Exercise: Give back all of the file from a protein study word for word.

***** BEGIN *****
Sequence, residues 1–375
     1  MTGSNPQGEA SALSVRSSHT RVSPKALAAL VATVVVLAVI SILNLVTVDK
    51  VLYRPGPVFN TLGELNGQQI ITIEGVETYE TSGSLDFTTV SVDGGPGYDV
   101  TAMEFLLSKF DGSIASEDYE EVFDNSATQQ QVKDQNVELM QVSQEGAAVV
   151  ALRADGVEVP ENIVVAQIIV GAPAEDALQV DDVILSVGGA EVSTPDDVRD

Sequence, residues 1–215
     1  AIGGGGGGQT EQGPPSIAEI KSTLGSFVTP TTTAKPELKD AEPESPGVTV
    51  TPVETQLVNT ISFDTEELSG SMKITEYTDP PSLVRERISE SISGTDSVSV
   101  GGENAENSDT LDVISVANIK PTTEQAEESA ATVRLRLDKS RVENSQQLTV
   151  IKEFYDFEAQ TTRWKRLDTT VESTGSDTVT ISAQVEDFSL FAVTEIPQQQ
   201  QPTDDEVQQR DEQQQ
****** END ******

Sequence, residues 1–375
     1  MTGSNPQGEA SALSVRSSHT RVSPKALAAL VATVVVLAVI SILNLVTVDK
    51  VLYRPGPVFN TLGELNGQQI ITIEGVETYE TSGSLDFTTV SVDGGPGYDV
   101  TAMEFLLSKF DGSIASEDYE EVFDNSATQQ QVKDQNVELM QVSQEGAAVV
   151  ALRADGVEVP ENIVVAQIIV GAPAEDALQV DDVILSVGGA EVSTPDDVRD

Sequence, residues 1–215
     1  AIGGGGGGQT EQGPPSIAEI KSTLGSFVTP TTTAKPELKD AEPESPGVTV
    51  TPVETQLVNT ISFDTEELSG SMKITEYTDP PSLVRERISE SISGTDSVSV
   101  GGENAENSDT LDVISVANIK PTTEQAEESA ATVRLRLDKS RVENSQQLTV
   151  IKEFYDFEAQ TTRWKRLDTT VESTGSDTVT ISAQVEDFSL FAVTEIPQQQ
   201  QPTDDEVQQR DEQQQ